Earlier today, we laid out one trader's view - that of Mizuho's multi-asset strategist Peter Chatwell - why despite the incremental mitigating information gathered over the weekend which clearly eased Friday's liquidation panic and today the Nasdaq wiped out all of its losses, the Omicron variant is decidedly bearish for stocks, and why "a re-test of 4600 appears much more likely here than a rally back to 4700."
His argument, in a nutshell, was that even though Omicron may appear "extremely mild" - so far - it is based on Chatwell's argument that the South African doctor who discovered the strain, Dr. Angelique Coetzee, treated patients who were mainly 40 or younger, and thus "we cannot conclude that the mild symptoms will translate to older populations." Meanwhile, "it looks like Omicron may be more transmissible and vaccine evasive than Delta, meaning it it likely to infect more vulnerable people." This, to Chatwell, means that it has the ability to evade existing immune response may be more important than its expected lower severity of symptoms. As such "governments are likely to remain cautious, biased towards greater social restrictions and partial lockdowns."
Needless to say, this entire bearish argument is based on the forced assumption that even though Omicron is "very mild" for patients below 40 - which incidentally is a trend widely observed in virology where incremental mutations leads to more transmissable but less potent variants - it will somehow prove to be far more dangerous to patients 40 and older.
Perhaps, but one can just as easily argue the opposite which is precisely what we did yesterday morning when we said that since Omicron appears to be a far less stable strain than Delta or previous variants due to its numerous, 30+ spike-protein mutations, "one could make the point that while Omicron could soon become the dominant strain due to its higher R-nought (or pace of transmission), that could be a blessing in disguise as it pushes out the much more dangerous (and more stable) delta strain."
None other than Pershing Square's Bill Ackman apparently read this take because a few hours later, he tweeted what we said, namely that "while it is too early to have definitive data, early reported data suggest that the Omicron virus causes ‘mild to moderate’ symptoms (less severity) and is more transmissible. If this turns out to be true, this is bullish not bearish for markets.”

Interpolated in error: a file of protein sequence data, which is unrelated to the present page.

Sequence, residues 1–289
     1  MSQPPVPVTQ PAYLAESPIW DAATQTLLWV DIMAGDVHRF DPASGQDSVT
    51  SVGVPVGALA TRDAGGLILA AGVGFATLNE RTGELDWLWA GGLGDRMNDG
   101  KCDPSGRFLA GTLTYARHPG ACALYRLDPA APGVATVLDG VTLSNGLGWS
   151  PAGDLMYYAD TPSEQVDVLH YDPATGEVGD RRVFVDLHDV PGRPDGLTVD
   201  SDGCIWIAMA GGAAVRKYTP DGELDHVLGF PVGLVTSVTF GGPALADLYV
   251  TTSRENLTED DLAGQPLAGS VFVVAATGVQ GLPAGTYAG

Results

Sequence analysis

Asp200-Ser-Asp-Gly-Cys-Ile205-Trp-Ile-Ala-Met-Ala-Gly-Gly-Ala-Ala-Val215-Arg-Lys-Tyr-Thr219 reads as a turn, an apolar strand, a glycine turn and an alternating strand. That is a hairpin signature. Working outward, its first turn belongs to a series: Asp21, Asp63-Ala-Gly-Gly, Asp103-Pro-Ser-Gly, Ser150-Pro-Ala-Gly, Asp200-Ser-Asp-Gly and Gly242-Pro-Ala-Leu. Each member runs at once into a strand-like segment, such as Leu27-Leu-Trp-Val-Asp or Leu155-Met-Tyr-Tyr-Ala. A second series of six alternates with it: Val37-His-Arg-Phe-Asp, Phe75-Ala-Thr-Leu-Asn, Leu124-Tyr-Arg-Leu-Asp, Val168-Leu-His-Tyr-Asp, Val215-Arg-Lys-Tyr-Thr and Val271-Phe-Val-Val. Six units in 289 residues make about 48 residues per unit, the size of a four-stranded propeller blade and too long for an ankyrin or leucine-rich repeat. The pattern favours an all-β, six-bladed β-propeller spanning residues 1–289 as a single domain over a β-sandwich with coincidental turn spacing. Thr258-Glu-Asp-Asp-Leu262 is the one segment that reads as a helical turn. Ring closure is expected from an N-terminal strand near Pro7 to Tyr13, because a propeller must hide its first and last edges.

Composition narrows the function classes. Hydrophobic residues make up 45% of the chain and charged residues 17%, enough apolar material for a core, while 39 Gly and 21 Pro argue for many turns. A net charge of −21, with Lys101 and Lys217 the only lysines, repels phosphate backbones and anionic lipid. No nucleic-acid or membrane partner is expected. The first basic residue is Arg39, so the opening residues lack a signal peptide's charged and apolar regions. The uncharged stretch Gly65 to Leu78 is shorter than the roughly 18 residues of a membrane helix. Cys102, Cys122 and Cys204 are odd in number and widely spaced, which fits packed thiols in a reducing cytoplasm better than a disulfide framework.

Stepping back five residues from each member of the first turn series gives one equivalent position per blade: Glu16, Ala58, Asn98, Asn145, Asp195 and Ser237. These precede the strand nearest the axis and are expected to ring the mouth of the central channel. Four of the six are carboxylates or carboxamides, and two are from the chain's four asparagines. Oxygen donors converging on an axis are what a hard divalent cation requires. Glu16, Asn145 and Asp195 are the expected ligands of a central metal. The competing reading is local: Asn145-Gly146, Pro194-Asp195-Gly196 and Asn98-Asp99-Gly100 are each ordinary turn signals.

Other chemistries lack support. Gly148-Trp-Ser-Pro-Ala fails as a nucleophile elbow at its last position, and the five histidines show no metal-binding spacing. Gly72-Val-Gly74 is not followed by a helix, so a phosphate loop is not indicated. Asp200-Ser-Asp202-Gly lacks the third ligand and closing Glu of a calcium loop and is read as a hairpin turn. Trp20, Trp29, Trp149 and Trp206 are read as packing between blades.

A thought. While it is too early to have definitive data, early reported data suggest that the Omicron virus causes ‘mild to moderate’ symptoms (less severity) and is more transmissible. If this turns out to be true, this is bullish not bearish for markets.— Bill Ackman (@BillAckman) November 29, 2021
It's not just us and Bill Ackman that have a decidedly contrarian take on the potential impact of Omicron on risk assets: Deutsche Bank's chief credit strategist Jim Reid was also bullish.
As he wrote in his Daily Reid note overnight, Omicron "could still prove less deadly (as virus variants over time mostly are) but if it is more contagious that could offset this and it could still cause similar healthcare issues, especially if vaccines are less protective."
On the other hand, Reid said, "the South African doctor who first alerted authorities to the unusual symptoms that have now been found to have been caused by Omicron, was on numerous media platforms over the weekend suggesting that the patients she has seen with it were exhausted but generally had mild symptoms. However she also said her patients were from a healthy cohort so we can’t relax too much on this. However as South African cases rise we will get a lot of clues from hospitalization data even if only 6% of the country is over 65s."
Putting these together, Reid says that his "personal view is that we’ll get a lot of information quite quickly around how bad this variant is. The reports over the weekend that numerous cases of Omicron have already been discovered around the world, suggests it’s probably more widespread than people think already. So we will likely soon learn whether these patients present with more severe illness and we’ll also learn of their vaccination status before any official study is out. The only caveat would be that until elderly patients have been exposed in enough scale we won’t be able to rule out the more negative scenarios."
As for why he remains optimistic, he says that "it's dangerous to be positive on covid at the moment but you only have to look at the UK for signs that boosters are doing a great job. Cases in the elderly population continue to collapse as the roll out progresses well and overall deaths have dropped nearly 20% over the last week to 121 (7-day average) - a tenth of where they were at the peak even though cases have recently been 80-90% of their peak levels. If Europe are just lagging the UK on boosters rather than anything more structural, most countries should be able to control the current wave all things being equal."
It appears markets now agree with this benign view: in a subsequent report, Reid published the results of a flash poll he conducted earlier this morning, which found that market participants are not expecting Omicron to be a significant event with only 10% thinking it will be the biggest topic in financial markets at year-end (C). The vast majority - or 60% - thought it would still be an issue but only of moderate importance (B), with 30% thinking it will be largely forgotten about (A).
There are two ways to read this data: on one hand it shows that markets are not set up for bad news on this front. So, negative Omicron news is likely to be bad for markets without huge additional stimulus. On the other hand, perhaps just this time Wall Street consensus is due to finally be right...